Tech Tip for Recharging Your Motorcycle Battery the Right Way

Charge it!

What’s that you say, Bunkie? You need to charge your motorcycle battery, but the only thing you have available is a standard car-type trickle charger and you’re afraid using it will send your juice box straight to battery heaven? I hear ya, and I agree: Very often, even the smallest trickle charger puts out way more current than your battery needs or can handle, especially if you plan on leaving it on the charger for an extended period of time.

There's a right way and a wrong way to charge your battery. The wrong way sends it to battery heaven.Photography by Mark Zimmerman

The rule of thumb is that you should never charge a battery at more than one-tenth its rating in amp hours. Meaning that a 20-amp battery should be charged at no more than 2 amps over a 10-hour period. Overcharging a battery can lead to all sort of problems: The electrolyte may boil, the battery can overheat and buckle the plates and, in extreme cases, the battery may even blow up, especially if excess hydrogen gas is released and there’s a spark handy.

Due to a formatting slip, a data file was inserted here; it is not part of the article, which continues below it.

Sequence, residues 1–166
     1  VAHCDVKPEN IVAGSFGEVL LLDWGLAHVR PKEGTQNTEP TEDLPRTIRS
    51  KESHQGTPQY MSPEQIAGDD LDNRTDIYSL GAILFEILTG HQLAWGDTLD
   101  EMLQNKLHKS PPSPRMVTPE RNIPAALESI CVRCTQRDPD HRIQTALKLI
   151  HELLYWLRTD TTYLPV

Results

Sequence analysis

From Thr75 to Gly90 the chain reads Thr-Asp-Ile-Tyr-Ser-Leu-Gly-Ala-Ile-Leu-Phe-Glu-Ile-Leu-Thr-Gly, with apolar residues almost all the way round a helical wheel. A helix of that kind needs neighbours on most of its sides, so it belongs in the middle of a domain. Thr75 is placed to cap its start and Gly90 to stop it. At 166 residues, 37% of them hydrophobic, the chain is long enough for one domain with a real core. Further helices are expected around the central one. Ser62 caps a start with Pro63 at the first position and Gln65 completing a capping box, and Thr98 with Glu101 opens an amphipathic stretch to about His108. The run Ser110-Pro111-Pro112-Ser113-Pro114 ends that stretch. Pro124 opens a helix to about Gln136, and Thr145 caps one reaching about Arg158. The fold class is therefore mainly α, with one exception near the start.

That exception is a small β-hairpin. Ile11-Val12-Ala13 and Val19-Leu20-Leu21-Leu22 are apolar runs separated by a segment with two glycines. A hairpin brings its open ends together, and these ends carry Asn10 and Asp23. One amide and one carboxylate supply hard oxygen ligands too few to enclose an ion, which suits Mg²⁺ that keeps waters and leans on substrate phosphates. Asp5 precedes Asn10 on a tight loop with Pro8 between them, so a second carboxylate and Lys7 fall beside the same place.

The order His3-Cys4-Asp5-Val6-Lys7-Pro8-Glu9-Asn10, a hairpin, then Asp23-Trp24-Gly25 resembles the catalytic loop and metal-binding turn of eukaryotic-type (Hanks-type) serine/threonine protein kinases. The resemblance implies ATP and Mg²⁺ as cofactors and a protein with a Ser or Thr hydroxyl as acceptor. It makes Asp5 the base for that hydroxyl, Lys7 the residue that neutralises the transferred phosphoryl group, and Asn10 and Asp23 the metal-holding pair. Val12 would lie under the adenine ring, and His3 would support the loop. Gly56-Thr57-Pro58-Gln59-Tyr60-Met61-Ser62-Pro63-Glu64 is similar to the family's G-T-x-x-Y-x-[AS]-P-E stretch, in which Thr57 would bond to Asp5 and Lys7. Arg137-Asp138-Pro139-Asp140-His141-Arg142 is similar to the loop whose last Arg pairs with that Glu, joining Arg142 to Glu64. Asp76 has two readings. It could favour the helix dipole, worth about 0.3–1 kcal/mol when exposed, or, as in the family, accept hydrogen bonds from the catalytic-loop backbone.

Large automotive-type battery chargers, designed to charge a good-sized car or truck battery, can easily overcharge a small motorcycle battery if you’re not careful. Unfortunately, in some circumstances, that may be the only type of charger available. Here’s the solution: Insert a standard test light, or even one built from a taillight bulb, inline between the positive side of the charger and your battery. Typically a test lamp, turn signal or brake light bulb draws about 2.25 amps. (If you’re not sure of the bulb’s amperage or wattage, hook an amp meter in series to measure the flow.)

If you have something like a 6-amp charger that you want to use on your 20-amp battery, you'll need to connect two bulbs in parallel. Yes, it's a pain, but it's better than cooking your battery. What do you mean you don't have any test bulbs?! I guess you didn't read the Tech Tip on building a test lamp.